President-elect Donald Trump answers journalists’ questions during a press conference in New York on Wednesday. (Don Emmert/Agence France-Presse via Getty Images)

There was a bad-cop/good-cop/bad-cop dynamic at President-elect Donald Trump’s press conference Wednesday. And it was worth waiting several months to watch it all go down.

It all started out with Sean Spicer, the incoming White House press secretary. There was no mistaking his hostility regarding the latest Trump-media kerfuffle, in which CNN on Tuesday reported that intelligence chiefs “presented Trump with claims of Russian efforts to compromise him.” A bit later, BuzzFeed published a wide-ranging dossier on Trump’s alleged ties and activities in Russia — even as the site itself conceded that the claims were unverified.

It’s best not to attempt an abridgment of Spicer’s remarks, so here’s what he said:

Before we start, I want to bring your attention to a few points on the report that was published in BuzzFeed last night. It’s frankly outrageous and highly irresponsible for a left-wing blog that was openly hostile to the president-elect’s campaign to drop highly salacious and flat-out false information on the Internet just days before he takes office. According to BuzzFeed’s own editor, there are serious reasons to doubt the information in the report. The executive editor of the New York Times also dismissed the report by saying it was totally unsubstantiated, echoing the concerns that many other reporters expressed on the Internet. The fact that BuzzFeed and CNN made the decision to run with this unsubstantiated claim is a sad and pathetic attempt to get clicks. The report is not an intelligence report, plain and simple.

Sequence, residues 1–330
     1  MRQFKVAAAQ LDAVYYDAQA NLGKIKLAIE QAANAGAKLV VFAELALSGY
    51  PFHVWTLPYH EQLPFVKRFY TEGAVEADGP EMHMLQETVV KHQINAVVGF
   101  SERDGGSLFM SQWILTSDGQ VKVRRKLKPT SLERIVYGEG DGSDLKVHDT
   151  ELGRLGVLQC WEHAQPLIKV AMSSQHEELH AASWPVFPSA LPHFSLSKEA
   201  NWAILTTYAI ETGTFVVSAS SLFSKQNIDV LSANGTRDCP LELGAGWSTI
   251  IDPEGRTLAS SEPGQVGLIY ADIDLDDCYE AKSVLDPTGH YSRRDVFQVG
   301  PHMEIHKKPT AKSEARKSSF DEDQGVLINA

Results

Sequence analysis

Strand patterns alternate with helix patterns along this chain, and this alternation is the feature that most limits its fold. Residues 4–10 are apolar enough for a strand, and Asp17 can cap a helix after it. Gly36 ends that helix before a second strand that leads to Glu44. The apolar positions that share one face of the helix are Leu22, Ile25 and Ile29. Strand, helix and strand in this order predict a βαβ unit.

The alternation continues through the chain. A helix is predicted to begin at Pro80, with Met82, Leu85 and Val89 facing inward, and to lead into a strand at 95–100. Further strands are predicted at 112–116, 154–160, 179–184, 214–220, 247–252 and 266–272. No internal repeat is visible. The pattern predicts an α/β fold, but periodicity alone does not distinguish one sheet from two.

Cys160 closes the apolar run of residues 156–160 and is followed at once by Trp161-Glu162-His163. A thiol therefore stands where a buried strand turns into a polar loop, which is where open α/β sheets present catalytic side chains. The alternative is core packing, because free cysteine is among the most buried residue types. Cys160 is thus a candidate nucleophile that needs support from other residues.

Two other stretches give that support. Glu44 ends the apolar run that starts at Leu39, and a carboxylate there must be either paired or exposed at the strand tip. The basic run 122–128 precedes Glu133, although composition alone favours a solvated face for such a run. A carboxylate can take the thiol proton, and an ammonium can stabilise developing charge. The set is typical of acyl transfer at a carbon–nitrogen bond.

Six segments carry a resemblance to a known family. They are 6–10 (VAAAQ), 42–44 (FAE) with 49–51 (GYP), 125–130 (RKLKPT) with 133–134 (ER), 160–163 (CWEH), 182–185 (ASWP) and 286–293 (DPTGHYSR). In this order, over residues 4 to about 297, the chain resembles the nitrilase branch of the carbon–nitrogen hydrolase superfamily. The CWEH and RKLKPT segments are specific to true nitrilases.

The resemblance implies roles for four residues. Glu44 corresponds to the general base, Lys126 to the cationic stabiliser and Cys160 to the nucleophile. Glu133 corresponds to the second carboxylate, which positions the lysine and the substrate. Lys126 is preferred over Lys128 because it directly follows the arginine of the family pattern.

From there, Spicer explored allegations in the dossier published by BuzzFeed, particularly with regard to the actions of three Trump campaign officials. He zeroed in on the case of Michael Cohen, a top Trump Organization official who, according to the BuzzFeed-published documents, traveled to Prague on official business. “Mr. Cohen has never been in Prague,” said Spicer, who called publication of the dossier a “political witch hunt.” He piled on by calling it all “shameful and disgraceful.”

Moments later, Trump took the podium. In no way did he dissent from Spicer’s characterization. In fact, he cited “fake news” propagated by “one group and one television station.” But then he praised the various news outlets that refrained from publishing the dossier. “I will tell you that there were some news organizations that were so professional and so incredibly professional that I’ve just gone up a notch in terms of what I think about you.” So there you have it, media: If you want the praise of Donald Trump, sit on negative information about him.

Later in the news conference, he was asked about this tweet:

Bad-cop Trump riffed, “I think it was disgraceful that the intelligence community allowed any information that turned out to be so false and fake, out. I think it’s a disgrace. And I say that … and that’s something that Nazi Germany would have done and did do. I think it’s a disgrace, that information that was false and fake and never happened got released to the public. As far as BuzzFeed, which is a failing pile of garbage, writing it, I think they’re going to suffer the consequences, they already are. And as far as CNN going out of their way to build it up … it’s a disgrace what took place.”